Trevor Gale

You should remember even further back - 'cos it's the Intel mobos that sit around with limited IRQ possibilities.

The 'real-deal' PC would have had a 68000-family CPU with quite a few 68k peripheral chips, then we'd have had a 'proper' PC AT, gone on with clones, and then further into better machines.

Nice lots of IRQs at different (programmable) levels, and (gosh!) LOADS of nice linear address space... none of this segment rubbish.

Pity that the right people weren't around at the right time (and don't tell me Apple were, their market approach was 'different' shall we say).

Roll up, roll up, for the Meta35: The hybrid snapper's data dumpster

Trevor Gale

Re: A very strange product

With the market aim I'd be tempted to ask why this product isn't also designed for Win98SE and WinXP... ;-)

However more seriously if they've gone to the bother of designing interfaces for various 35mm cameras, then (with all respect for LF users) why on earth not for the Medium Format users of 120-rollfilm cameras such as the Mamiya RZ-67 or the Mamiya 645 Pro?

I would think that with people concerned with the quality of film that there are many users of Medium Format (percentage-wise of say 10 years ago) compared to the same reckoning for 35mm users.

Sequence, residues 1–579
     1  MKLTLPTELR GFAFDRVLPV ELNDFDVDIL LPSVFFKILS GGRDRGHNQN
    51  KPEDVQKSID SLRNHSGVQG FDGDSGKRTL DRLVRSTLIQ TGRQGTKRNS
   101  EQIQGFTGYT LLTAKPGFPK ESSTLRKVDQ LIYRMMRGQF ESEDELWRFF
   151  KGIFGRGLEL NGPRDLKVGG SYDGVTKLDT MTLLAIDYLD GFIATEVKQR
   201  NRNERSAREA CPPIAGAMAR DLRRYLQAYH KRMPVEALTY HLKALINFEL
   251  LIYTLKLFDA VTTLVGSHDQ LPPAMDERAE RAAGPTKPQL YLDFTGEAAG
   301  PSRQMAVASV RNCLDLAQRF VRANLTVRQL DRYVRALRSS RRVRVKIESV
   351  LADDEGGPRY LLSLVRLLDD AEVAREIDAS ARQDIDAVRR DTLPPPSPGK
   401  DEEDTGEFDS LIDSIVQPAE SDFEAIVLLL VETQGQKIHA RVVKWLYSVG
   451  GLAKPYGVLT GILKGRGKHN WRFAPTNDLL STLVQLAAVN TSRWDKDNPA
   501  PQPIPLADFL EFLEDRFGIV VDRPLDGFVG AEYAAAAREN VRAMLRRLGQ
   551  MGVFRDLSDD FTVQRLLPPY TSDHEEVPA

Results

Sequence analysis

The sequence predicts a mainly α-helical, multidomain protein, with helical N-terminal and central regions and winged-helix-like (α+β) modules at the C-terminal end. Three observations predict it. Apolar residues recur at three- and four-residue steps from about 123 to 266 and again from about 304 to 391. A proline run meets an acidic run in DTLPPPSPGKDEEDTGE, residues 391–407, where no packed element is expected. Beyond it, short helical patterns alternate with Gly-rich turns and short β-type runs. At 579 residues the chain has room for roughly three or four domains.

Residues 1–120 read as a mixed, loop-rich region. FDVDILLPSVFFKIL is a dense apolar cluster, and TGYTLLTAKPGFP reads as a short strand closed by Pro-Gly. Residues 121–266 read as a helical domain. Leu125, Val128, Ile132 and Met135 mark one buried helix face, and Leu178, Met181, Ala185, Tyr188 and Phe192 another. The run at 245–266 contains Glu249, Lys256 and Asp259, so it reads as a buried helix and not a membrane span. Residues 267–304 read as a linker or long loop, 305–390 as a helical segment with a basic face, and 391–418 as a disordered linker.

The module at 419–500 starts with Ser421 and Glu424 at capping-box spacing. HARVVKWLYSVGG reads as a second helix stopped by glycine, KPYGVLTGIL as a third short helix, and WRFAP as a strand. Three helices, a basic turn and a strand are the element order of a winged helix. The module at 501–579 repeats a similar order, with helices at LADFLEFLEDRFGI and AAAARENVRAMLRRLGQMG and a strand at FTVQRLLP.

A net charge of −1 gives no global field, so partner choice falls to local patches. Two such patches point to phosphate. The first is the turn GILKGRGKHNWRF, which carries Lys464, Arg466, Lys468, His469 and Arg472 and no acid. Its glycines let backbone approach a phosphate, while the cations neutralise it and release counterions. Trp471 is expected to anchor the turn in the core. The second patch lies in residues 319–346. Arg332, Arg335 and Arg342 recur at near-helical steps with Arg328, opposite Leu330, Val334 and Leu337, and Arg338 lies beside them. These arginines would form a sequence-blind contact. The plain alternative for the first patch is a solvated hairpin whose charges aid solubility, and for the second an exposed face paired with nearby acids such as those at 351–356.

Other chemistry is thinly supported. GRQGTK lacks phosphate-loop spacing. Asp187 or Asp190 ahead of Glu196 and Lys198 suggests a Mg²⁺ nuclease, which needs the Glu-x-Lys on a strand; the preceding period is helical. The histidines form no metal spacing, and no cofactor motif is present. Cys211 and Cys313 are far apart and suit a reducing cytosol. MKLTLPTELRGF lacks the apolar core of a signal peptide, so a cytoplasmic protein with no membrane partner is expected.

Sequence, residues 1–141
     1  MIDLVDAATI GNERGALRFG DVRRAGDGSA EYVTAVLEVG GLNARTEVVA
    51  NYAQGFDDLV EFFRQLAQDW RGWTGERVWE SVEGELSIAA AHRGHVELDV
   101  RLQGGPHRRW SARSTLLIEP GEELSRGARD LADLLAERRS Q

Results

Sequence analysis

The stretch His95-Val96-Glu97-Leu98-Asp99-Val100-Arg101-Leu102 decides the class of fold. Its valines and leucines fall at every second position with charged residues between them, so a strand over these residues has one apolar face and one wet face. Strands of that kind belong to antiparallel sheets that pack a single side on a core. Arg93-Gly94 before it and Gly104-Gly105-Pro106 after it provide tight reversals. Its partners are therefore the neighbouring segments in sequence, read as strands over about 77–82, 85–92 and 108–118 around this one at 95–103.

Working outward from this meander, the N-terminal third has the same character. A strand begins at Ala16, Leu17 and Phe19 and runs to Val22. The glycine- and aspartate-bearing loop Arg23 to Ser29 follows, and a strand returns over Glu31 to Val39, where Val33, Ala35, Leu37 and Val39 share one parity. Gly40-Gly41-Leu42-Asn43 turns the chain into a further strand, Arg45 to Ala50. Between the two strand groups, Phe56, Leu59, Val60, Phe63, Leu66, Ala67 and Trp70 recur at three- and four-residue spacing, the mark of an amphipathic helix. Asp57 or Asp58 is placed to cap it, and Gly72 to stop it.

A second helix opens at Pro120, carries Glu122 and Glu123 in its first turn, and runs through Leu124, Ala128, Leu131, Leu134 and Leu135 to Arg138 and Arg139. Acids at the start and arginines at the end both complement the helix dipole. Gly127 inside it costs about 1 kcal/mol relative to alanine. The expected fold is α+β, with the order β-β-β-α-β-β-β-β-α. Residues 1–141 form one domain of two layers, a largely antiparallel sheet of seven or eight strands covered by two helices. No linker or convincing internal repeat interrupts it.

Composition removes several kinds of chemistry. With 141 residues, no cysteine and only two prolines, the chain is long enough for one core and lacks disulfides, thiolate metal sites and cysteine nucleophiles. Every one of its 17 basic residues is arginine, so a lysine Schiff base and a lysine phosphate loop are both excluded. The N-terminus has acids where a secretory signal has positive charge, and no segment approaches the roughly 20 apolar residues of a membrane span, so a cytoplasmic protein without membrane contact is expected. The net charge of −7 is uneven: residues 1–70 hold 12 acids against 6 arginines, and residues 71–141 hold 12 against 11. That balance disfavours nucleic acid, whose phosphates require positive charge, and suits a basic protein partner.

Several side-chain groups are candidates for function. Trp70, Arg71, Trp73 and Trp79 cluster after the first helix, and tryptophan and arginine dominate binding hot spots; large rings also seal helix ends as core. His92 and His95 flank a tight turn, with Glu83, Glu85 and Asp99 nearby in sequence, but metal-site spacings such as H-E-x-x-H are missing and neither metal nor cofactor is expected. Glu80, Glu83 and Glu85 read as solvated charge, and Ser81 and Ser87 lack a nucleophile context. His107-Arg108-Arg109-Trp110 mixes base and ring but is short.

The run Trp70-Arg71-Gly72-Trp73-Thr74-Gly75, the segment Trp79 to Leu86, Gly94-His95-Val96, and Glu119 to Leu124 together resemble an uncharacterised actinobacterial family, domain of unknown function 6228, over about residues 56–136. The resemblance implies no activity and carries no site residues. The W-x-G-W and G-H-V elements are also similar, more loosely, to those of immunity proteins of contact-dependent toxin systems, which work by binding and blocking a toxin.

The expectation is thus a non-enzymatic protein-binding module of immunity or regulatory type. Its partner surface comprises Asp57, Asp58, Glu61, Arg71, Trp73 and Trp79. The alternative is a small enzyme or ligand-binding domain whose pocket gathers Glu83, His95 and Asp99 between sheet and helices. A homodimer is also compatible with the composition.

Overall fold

WOODEN computer chips reveal humanity's cyber elf future

Trevor Gale

Re: A couple of concerns:

Non-critical consumer and low-frequency 'economical' circuit cards (e.g. parts of a television and of audio amplifier boards) are made from SRBP (super resin bonded paper) but this material is totally unsuited to high-frequency or high-density boards, where FR4 epoxy-fibreglass is used or even ceramics for SHF / microwave circuits.

One won't find many SRBP cards in an average desktop PC either for the same reasons.

Printed circuit substrate properties such as thermal expansion, dielectric constants, physical stability, copper / gold bonding strength and processing tolerance (chemical and thermal) are vital considerations especially as one drives higher in the frequency and density domains.

There is no 'fits all sizes' material for PCB manufacture.

Snakes on a backplane: Server-room cabling horrors

Trevor Gale

Cable and Job disaster - nearly!

One system operator nearly lost his job due to such a nightmare - by being thoughtful and diligent. Under the false floor in a particular systems room ran a plethora of RS-232, 10-base-5, r.f. telemetry coax, and proprietary disk interface (yes, disk cabinets), together with untold kilometres of used/unused old cables. An operator was on duty for that room 24/7.

Whenever this one fellow was on night duty there would often be unexplainable major disk failures that would bring one or more of the systems down. Only when HE was on duty, not when some other operator had that lovely quiet pastime with the odd beer or two. Clearly it was thought that this poor fellow was doing something he shouldn't, perhaps purposely to add some excitement to his time.

As it turned out after a long study of his work it WAS due to something he did...